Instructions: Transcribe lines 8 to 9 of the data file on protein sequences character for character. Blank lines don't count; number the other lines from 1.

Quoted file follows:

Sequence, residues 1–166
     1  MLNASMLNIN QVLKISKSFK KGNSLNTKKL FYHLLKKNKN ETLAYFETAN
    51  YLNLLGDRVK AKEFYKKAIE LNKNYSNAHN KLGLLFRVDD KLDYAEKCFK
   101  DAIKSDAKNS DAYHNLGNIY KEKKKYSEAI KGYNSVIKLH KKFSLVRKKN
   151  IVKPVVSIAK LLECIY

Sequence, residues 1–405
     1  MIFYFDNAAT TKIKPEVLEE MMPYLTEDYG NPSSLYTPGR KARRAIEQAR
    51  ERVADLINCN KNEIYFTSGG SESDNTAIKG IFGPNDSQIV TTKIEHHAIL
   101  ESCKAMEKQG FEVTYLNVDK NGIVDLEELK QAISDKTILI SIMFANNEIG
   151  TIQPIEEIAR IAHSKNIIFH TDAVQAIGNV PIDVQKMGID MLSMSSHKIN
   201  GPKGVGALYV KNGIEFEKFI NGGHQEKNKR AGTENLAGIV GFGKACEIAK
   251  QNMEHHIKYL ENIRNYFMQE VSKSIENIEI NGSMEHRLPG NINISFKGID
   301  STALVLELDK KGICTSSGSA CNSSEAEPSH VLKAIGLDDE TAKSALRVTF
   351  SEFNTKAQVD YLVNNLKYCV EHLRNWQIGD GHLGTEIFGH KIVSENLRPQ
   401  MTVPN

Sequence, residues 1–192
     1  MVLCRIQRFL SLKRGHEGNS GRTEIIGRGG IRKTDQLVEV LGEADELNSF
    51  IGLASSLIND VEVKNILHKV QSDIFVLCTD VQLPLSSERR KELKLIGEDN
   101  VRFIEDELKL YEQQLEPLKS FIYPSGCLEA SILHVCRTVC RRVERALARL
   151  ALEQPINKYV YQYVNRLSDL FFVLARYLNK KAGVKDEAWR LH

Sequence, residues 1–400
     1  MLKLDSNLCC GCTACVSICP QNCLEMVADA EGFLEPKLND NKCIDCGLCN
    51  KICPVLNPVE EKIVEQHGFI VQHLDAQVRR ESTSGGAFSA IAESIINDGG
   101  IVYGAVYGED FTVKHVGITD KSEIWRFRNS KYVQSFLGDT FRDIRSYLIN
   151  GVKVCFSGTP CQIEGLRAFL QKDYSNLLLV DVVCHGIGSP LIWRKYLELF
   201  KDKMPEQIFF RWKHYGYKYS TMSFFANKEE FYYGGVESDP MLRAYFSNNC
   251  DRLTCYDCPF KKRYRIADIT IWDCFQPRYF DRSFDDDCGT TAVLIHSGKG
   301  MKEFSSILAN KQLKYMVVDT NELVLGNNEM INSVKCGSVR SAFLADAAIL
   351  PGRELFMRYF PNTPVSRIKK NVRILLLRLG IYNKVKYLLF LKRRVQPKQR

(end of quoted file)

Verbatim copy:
    51  ERVADLINCN KNEIYFTSGG SESDNTAIKG IFGPNDSQIV TTKIEHHAIL
   101  ESCKAMEKQG FEVTYLNVDK NGIVDLEELK QAISDKTILI SIMFANNEIG